You can’t help but want to wear floaty dresses and sing renditions of ‘The Hills Are Alive’ with outstretched arms while you run through beautiful gardens in Salzburg. In fact, if you’ve seen The Sound of Music, I challenge you not to – you’ll fail.
Our trip started in the best way possible; with a guided private tour through Salzburg with a local expert. The best way to explore a city is through a local’s eyes and Sabina was a wealth of knowledge, showing us the best places to eat, drink and photograph. I would definitely advise a private tour over a group tour, this way you have time to take photos and ask to stop where you want.
We started in the Mirabell Palace gardens. Where a lot of our (*my) favourite Julie Andrews scenes took place, which we (again, mainly I) subsequently attempted (and failed) to recreate. Wandering through the gardens, you’re reminded of the history of the city. The King at the time was trying to produce an heir to the throne and superstition dictated that if he kept the dwarf statues in the palace gardens, his children would be born with dwarfism and deformities, so they gave them all away. Over time they’ve been bought back slowly and reclaimed their positions in the gardens.
The King also didn’t like that the Unicorn statue above the fountain was better endowed than he was, so had the statue castrated. Told you there were a lot of stories!
Our first view of the town was the Getreidegasse – the main shopping street with beautiful ornate signs above each of the doors. Even McDonalds had to play ball!
Narrowly avoiding being swept away in a large group of Chinese tourists, we ducked down an alleyway and arrived on the other side in a large square. The market was in full swing so we went in search of the catacombs. Not terribly spectacular but a beautiful piece of history and free entry with the Salzburg card.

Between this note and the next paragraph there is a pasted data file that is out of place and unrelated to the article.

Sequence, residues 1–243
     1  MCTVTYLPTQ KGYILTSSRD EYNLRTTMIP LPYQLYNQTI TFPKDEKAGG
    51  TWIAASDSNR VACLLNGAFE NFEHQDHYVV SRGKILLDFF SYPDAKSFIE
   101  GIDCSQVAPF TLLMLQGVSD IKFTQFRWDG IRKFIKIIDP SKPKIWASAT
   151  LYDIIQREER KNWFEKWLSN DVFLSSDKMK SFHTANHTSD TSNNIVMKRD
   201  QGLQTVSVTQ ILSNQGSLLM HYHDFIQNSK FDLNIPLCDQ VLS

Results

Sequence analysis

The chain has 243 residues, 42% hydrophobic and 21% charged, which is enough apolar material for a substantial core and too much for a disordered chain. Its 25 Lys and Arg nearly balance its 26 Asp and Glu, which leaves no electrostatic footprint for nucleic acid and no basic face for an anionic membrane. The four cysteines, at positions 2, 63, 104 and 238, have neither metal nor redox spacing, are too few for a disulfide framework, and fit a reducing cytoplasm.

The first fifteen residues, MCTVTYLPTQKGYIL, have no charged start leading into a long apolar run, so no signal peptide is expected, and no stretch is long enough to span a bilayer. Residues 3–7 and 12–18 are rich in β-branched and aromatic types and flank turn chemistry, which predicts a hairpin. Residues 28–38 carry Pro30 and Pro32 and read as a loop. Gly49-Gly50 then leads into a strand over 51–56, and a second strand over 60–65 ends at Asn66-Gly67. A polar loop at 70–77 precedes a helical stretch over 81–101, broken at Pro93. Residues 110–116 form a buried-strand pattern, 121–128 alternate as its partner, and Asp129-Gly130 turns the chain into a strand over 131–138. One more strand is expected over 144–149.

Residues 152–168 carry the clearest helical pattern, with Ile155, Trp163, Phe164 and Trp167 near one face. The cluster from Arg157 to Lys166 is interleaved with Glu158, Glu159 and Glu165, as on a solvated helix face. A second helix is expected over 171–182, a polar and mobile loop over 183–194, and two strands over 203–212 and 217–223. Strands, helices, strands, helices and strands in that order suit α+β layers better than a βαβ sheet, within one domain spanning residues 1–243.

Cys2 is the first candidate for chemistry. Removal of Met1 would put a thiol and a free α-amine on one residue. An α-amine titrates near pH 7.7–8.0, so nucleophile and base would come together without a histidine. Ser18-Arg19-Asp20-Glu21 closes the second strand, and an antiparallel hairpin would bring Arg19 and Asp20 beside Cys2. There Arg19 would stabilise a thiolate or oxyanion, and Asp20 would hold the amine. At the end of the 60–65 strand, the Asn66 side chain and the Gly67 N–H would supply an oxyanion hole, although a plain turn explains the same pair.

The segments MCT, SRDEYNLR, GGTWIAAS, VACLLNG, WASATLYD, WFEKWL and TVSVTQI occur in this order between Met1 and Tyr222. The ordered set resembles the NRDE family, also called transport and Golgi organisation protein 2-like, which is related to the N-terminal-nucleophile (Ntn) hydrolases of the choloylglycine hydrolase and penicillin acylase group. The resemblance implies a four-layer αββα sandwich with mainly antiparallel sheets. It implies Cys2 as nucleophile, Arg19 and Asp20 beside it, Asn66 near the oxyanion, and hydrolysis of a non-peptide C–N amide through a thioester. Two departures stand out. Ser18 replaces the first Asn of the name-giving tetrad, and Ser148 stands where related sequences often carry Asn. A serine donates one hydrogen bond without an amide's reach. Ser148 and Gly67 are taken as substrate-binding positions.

With the end of our tour in sight, Sabine dropped us off at Café Tomaselli – an Austrian institution for tea and cake.
Our drinks order was taken and a lady came around with a huge tray of cakes for us to choose from. We ate every last delicious morsel overlooking the horses and carriages and people below.
Our Salzburg card also gave us access to go up to the top of the hill.
Overlooking the city, we suddenly felt very small gazing down at everything, but once the sun broke through the clouds, we enjoyed just sitting up there for a while gazing out wondering what everyone was doing.
At the top, there is a fabulous modern art museum. Unfortunately you can’t take pictures, but even if (like me) modern art goes over your head, it’s worth a look. We had lunch in the beautiful restaurant topped up with a couple of Hugo’s (cocktails, not men).
Standing even higher than the art museum, the birdseye view of the city with its green roofs is breathtaking. Hawks glided down from their nests within the Battlements, wings outstretched and screeching, the sound echoing off the mountains and mingling with the sound of an organ being played somewhere within the castle walls.
Swapping the funicular in favour of walking, we bathed in the light of the sunset, stopping every so often to admire the view and made our way back to solid ground.
The next day we only had a few hours, so ensured we ticked off everything else we wanted to do. Of course, the Mirabell Palace gardens had to be visited again and we had an early morning ice cream bathing in the sunshine watching the gardens get steadily busier.
We also couldn’t resist grabbing one of the delicious pretzels from the market in the centre of town. Pecan and cinnamon – unbelievable.
Back towards our hotel was the market. Slightly more exciting than the one in Graz, it goes on for streets and streets selling wine, coffees, flowers, groceries… pretty much whatever you need for the week.
We just about had time to grab a couple of apples and a punnett of strawberries before it was time to head off to the last stop on our Austrian Adventure.